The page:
A former 1st round draft pick and future Raptors TV analyst, Leo Rautins, a Canadian, would join Ron Thulin as the co-host. Jack Givens, a former Kentucky star and first round NBA Draft pick would handle reporting duty from the Raptors War Room. We also had a guest appearance from the late John Saunders, who was the original Raptors play-by-play announcer before moving on to his stellar career at ESPN.
One of the basketball storylines was who would be the first pick in Raptors history. Isiah Thomas was the team’s General Manager and had the 7th pick in a draft that was not billed as stellar. The common wisdom had Ed O’ Bannon, a forward from UCLA going to Toronto.
There was nervous tension as the rigging was checked and we went over one final time the physical execution for the mascot “repel,” and how we were going to cover it on screen. We began our Draft show around ½ hour before the first pick, giving the fans a pre-game show to get them up to speed with what was about to unfold and to create the atmosphere. In this case, it was not hard to do, the stadium with electric with anticipation and the fans were ready for the birth of a franchise.
When the moment came for the descent from the rafters, the nerves were gone, and it was all business. The fans were on their feet as the Raptor hit the mark and broke through the banner to a thunderous ovation. The only catch was it took a few extra seconds to get him unhooked from the rigging, but it was a success, TNT also used a clip from the repel in the open to their broadcast.
The Draft started as expected with Joe Smith going as the first pick. It was a little surprising that Kevin Garnett didn’t get the nod until the 5th selection made by the Minnesota Timberwolves.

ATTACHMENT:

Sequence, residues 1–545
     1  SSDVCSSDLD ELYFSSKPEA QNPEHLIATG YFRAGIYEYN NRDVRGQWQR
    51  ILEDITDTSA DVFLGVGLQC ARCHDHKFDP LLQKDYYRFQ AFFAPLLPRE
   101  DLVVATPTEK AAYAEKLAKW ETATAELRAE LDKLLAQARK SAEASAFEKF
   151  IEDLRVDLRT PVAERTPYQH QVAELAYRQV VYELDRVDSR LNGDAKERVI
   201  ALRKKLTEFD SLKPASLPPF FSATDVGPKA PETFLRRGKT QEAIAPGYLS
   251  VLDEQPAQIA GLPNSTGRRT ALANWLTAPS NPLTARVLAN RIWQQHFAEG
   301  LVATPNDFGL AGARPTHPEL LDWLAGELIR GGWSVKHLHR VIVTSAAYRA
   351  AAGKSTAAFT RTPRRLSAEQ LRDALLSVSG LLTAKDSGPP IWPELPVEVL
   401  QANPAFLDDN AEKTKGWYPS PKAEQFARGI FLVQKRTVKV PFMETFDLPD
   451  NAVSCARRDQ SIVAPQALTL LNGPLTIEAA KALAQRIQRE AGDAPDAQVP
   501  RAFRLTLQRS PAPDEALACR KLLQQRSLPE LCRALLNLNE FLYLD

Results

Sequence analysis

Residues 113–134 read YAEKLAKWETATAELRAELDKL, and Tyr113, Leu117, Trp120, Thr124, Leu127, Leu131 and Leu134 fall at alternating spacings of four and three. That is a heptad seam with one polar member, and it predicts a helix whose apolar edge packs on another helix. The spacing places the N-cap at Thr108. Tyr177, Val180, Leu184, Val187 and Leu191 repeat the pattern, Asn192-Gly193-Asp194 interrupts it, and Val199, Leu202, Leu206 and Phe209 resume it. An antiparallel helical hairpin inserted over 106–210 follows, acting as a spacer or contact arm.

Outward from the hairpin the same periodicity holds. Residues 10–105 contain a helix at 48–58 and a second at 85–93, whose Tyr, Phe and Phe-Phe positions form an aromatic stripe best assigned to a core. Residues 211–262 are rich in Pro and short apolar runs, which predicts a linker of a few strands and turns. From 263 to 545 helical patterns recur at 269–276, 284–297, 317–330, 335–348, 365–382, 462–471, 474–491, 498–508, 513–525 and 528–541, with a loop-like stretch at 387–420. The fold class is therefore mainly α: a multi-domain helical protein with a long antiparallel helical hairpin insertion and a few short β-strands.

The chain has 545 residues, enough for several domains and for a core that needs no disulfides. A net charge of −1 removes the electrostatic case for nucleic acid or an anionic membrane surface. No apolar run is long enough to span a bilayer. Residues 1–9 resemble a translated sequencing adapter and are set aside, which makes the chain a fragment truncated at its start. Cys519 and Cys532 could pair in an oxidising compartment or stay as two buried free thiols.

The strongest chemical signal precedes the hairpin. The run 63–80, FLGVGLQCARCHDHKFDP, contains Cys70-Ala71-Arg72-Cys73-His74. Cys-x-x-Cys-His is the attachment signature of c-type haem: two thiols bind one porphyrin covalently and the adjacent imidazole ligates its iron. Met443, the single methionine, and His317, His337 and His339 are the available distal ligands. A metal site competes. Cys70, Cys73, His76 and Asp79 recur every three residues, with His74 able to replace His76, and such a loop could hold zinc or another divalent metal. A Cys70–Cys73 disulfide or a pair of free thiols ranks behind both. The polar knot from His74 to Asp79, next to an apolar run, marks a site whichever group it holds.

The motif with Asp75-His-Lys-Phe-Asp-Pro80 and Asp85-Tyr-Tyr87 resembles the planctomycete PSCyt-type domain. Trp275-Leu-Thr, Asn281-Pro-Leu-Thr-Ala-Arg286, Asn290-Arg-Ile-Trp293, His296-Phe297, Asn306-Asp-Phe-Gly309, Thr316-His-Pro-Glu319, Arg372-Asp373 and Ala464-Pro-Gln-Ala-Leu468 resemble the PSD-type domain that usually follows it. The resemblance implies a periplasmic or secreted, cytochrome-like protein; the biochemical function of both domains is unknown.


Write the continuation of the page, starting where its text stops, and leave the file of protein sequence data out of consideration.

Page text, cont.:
The anticipation was growing as pick # 7 drew closer. Jack Givens did a pre-selection interview with Isiah Thomas. Jack and Isiah played to the crowd, the interaction between fans and stakeholders was going well.
After Vancouver made their first selection, grabbing “Big Country,” center Bryant Reeves from Oklahoma State with the 6th pick, the time had come.
In the arena, we had brought the over 21,000 fans, the largest crowd to see any NBA Draft to their feet with what we call a fan prompt, in this case the “We Will Rock You” scene from the then popular sitcom Cheers.
When David Stern stepped to the podium, he made reference to the historic first pick, when he announced point guard Damon Stoudamier, the floor general from the University of Arizona as the selection, it was greeted with mixed reviews.
As it turns out, with no stars left in the Draft sky on this night, history tells us it was a rock solid choice. When you think about it, what position player would Isiah Thomas choose to start a franchise.
Fast forward 24 years, that’s how long it took for the Toronto Raptors to climb the NBA mountain and reach the NBA Finals. It might take a few more years for the Raptors to win an NBA championship, but it’s time, time to write the next chapter in Raptors history and another first for the NBA, an International NBA Finals., right here in Toronto.
By TERRY LYONS, Editor-in-Chief